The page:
The DVD doesn't have much else besides the commentary. There's a promo trailer, which is kinda neat, sense it's narration over an animated logo rather than just scenes from the film. And there's a photo gallery and an additional DVD-Rom collection of articles and press sheets that actually has a few interesting things in it if you bother to take the time and dig into that on your PC. But that's it. And same with the Scream blu-ray, which is missing the gallery and Rom stuff, but has an additional theatrical trailer. Oh, the DVD also had a nice insert with Spanish poster art.
The Australian blu has the same, newer commentary as the Scream Factory disc, but it also has one other special feature, which is really what put it over the top for me. Confessions of a Low Budget Maverick - an all new, 25 minute interview piece with Cohen. It's mostly a single sit-down interview with Cohen, who talks charmingly about Q with photos and clips edited in where appropriate. He does tell a lot of the same tales from the commentaries. But he also a couple new anecdotes, talks about his earlier films, and then takes us outside to his pool, where he filmed scenes for Bone and Black Caeser.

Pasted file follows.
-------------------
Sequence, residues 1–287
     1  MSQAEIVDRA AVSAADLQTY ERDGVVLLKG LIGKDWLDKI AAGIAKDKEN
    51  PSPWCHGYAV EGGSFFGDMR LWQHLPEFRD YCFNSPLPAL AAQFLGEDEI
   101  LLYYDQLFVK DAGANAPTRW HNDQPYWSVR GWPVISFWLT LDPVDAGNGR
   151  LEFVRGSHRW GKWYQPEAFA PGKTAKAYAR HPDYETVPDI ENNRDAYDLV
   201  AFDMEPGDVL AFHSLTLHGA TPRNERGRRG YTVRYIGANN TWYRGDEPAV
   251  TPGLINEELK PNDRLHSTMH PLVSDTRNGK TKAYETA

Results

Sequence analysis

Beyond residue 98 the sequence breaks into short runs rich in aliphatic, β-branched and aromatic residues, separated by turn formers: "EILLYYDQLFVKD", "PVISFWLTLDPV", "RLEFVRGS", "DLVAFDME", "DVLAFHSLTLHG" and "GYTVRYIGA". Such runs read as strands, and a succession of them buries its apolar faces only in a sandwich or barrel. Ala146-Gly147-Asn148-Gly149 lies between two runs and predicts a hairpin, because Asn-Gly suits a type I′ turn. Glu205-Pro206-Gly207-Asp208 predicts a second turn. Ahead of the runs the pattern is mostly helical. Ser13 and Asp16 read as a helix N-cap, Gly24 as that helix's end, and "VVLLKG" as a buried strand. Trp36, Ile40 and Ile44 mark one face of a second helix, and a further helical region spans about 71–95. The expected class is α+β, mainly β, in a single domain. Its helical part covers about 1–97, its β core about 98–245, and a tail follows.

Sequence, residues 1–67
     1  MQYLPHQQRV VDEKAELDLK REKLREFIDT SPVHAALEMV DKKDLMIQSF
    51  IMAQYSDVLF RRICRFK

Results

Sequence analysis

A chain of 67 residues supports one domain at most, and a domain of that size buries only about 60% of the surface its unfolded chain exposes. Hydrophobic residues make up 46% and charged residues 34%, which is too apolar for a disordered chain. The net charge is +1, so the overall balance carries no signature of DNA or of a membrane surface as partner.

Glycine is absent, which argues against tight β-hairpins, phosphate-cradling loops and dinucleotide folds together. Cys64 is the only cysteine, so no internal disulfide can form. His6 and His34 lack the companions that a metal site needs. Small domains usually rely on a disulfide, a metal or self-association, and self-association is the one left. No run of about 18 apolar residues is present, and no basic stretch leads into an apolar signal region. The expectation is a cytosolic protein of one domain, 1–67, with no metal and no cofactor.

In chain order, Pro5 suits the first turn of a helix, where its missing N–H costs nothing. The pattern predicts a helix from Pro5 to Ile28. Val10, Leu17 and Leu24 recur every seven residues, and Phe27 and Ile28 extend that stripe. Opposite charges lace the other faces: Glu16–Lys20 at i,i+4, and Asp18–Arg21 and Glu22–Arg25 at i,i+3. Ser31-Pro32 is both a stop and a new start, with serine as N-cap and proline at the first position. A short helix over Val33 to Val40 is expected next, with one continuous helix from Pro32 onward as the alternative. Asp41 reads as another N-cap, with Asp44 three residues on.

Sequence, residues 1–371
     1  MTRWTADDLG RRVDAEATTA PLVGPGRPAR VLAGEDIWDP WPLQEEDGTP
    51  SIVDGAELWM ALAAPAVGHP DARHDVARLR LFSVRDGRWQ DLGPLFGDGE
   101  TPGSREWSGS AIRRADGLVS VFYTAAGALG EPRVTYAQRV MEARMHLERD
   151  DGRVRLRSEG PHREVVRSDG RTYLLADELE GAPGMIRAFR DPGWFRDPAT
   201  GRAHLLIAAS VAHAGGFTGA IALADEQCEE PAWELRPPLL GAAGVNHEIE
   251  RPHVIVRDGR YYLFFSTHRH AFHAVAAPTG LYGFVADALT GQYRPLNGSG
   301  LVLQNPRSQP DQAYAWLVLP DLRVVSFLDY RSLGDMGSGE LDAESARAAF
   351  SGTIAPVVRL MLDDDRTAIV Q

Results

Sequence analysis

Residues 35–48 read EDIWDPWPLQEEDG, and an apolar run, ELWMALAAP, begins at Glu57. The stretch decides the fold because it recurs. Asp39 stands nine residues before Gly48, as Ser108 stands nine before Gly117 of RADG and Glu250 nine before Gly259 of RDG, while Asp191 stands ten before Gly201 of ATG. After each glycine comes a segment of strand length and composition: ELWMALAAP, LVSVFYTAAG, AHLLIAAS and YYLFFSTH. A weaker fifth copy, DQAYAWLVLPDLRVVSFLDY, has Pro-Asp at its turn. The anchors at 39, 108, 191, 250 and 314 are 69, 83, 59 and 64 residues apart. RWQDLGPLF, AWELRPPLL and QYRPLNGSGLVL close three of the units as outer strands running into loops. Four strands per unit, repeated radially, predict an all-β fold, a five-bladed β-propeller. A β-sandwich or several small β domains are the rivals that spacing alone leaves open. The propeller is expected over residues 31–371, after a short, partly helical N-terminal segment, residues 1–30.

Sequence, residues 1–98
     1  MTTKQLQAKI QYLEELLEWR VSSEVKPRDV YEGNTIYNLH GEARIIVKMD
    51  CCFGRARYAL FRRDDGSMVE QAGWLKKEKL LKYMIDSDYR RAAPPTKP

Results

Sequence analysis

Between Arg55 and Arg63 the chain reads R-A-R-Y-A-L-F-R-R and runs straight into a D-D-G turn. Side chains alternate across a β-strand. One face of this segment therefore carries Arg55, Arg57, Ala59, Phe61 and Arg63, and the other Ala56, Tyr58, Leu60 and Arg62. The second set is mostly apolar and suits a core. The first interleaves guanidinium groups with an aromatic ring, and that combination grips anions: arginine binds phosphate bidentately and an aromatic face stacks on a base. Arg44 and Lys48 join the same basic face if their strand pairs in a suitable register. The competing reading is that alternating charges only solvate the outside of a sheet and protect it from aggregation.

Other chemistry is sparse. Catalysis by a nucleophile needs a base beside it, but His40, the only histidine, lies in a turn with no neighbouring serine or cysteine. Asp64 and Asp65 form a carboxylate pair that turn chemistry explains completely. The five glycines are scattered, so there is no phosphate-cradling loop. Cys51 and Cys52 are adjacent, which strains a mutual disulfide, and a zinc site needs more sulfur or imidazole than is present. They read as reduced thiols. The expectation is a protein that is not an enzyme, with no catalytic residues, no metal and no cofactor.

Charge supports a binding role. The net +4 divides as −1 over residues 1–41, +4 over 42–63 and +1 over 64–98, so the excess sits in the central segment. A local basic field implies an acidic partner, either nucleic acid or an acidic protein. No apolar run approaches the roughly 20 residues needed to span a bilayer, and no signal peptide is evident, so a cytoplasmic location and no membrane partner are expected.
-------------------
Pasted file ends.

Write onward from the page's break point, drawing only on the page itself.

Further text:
It's a nice new piece, and it's exclusive to the Umbrella blu. So I'd definitely go for this one over the Scream for it, and coupled with the HD transfer and alternate commentary makes it a solid upgrade. It's missing the cool teaser, though, but that's fine since I'm hanging onto the DVD for the original commentary anyway. It's still a lower priority double-dip than some other films, but the new feature bumps it up high enough that I did it and I'm happy to have done so. And this isn't the only Umbrella blu that's like that...

Woody Allen's Irrational Man (DVD/ Blu-ray Comparison)

Weaker films by previously great directors have taught me not to blindly collect a filmmaker's work. Like every Cronenberg film used to be a must-have until he started filming lesser writers work rather than his own. After Ghosts of Mars, I realized it was time to start getting selective with John Carpenter's work. There's only a handful of the truly great masters I can really get excited about every single one of their films - Bergman or Rohmer come to mind. And even then it's not all perfect tens. But as rocky as Woody Allen's road is known to be, and how frequently his work is popularly rejected, I'm always eager for the new Woody Allen movie. Every one is at least worth owning and revisiting for me. Yes, even Hollywood Ending, Whatever Works or whatever you consider to be the bottom of his barrel. I'm excited for it; the latest Woody Allen movie is here!